Does FMLA Leave Apply to A Certain Business?

FMLA, or the Family Medical Leave Act, was created with the intention of balancing the needs of California employers with the needs of their employees when the employees had to take extended medical leaves for serious medical conditions or to care for family members. FMLA applies to any employer in the private sector who engages in commerce or in an industry or activity affecting commerce, and who has 50 or more employees each working day during at least 20 calendar weeks in the current or preceding year. While many employees assume FMLA leave is paid time-off, the law does not require it. However, whether an employee receives paid FMLA leave should be clearly explained in the employee’s work agreement.

An employee is eligible for FMLA leave if he or she:

FMLA and Employee Leave

Is your Orange County employer complying with the various federal and state laws that govern the amount of time off certain employees must be allowed? For example, the Family Medical Leave Act (FMLA) is one such set of guidelines and can be tricky to navigate, especially when it appears that an employee does not actually qualify for the time off he or she is requesting. FMLA requires covered employers to provide employees job-protected and unpaid leave for qualified medical and family reasons. Qualified medical and family reasons include: personal or family illness, family military leave, pregnancy, adoption, or the foster care placement of a child.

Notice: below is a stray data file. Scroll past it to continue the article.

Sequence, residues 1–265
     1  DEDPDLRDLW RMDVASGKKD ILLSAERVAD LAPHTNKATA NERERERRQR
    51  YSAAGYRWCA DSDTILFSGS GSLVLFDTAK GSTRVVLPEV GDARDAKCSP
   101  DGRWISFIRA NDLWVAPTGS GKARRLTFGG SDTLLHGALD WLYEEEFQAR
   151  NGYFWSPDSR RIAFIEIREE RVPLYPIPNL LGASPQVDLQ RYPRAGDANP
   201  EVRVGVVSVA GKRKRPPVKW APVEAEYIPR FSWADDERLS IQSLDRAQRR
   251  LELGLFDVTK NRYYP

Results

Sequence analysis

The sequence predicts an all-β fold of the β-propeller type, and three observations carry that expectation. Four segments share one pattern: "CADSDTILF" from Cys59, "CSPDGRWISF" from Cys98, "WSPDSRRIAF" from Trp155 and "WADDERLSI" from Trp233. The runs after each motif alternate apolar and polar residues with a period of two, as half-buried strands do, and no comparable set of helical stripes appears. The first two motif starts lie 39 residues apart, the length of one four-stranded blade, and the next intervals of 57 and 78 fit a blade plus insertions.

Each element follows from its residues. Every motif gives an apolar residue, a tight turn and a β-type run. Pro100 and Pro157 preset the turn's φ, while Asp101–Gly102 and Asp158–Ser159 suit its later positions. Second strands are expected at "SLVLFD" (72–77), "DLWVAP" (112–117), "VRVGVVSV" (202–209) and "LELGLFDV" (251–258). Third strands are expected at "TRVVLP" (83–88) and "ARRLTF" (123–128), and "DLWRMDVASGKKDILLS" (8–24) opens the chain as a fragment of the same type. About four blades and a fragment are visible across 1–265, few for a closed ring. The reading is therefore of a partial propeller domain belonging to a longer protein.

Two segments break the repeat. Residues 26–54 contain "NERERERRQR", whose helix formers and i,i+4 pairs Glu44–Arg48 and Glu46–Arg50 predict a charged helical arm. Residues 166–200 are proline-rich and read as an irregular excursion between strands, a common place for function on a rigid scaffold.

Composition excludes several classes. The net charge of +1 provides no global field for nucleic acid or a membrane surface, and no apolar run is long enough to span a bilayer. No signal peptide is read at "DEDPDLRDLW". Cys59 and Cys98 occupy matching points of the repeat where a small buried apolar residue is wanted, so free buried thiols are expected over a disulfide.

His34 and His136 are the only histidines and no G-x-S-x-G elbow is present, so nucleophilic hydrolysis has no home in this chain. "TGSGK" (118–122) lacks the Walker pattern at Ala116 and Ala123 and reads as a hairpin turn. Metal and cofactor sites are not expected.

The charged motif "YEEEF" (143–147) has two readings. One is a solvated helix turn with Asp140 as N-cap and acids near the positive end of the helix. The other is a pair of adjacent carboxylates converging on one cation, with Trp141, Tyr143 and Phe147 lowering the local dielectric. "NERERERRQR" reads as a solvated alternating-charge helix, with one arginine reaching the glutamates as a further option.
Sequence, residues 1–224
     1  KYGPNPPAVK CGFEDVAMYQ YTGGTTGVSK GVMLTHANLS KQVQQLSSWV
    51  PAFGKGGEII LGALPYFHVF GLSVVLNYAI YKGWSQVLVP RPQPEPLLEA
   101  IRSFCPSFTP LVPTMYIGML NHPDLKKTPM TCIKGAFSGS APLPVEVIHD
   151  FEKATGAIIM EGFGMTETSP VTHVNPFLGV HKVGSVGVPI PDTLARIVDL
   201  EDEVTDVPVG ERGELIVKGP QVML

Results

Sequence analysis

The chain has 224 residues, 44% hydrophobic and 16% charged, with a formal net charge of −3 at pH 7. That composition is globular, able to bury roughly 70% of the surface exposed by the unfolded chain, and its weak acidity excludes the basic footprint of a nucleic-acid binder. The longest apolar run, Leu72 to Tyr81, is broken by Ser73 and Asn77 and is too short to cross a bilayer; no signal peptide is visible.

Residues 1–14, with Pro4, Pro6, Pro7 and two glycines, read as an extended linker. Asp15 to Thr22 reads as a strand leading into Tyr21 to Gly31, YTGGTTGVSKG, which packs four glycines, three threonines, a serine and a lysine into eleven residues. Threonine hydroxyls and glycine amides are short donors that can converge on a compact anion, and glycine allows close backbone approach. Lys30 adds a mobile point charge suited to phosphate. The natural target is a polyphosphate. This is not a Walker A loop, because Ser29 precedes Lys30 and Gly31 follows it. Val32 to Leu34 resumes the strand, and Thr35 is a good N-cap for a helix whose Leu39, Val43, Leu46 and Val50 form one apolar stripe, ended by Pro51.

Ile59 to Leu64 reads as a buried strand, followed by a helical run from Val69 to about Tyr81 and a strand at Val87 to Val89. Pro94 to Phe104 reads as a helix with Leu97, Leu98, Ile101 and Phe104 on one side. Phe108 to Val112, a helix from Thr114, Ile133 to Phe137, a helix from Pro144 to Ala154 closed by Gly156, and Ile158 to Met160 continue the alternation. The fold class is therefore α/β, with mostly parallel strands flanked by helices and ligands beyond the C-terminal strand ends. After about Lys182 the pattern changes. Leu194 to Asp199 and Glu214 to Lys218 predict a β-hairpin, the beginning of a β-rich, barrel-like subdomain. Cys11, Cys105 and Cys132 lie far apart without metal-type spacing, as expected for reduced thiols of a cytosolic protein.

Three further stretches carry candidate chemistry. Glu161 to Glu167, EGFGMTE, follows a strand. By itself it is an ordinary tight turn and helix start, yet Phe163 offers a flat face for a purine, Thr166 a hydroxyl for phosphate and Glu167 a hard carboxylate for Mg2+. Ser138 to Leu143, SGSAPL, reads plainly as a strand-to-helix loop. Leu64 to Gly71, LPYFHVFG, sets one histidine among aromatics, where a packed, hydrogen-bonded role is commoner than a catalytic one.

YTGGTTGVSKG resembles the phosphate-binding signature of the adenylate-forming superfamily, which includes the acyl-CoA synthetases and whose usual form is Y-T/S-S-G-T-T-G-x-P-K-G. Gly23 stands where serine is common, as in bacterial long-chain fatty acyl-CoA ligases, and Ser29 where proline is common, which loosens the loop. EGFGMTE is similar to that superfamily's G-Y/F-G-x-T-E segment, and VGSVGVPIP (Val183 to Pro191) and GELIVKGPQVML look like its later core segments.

But what happens when an employer doesn’t believe an employee qualifies for FMLA leave? Can it risk a lawsuit for saying no?

CA & Federal Laws Relating to Employee Medical Leave

Various state and federal laws ensure an employee’s right to fair treatment and pay. One quickly evolving area of California employment law relates to medical and family leave. Employees should be aware of medical and family leave laws and the extent to which they apply to a given employment situation.

FMLA and your rights as an employee

Federal law, under the Family and Medical Leave Act (FMLA) requires employers with fifty or more employees to provide certain employees with flexible leave options. This leave includes allowing up to twelve weeks of unpaid leave per year to recuperate from a serious health condition, to take care of a family member with a serious health condition, to care for a new child, or to handle certain situations arising from a family member’s military service.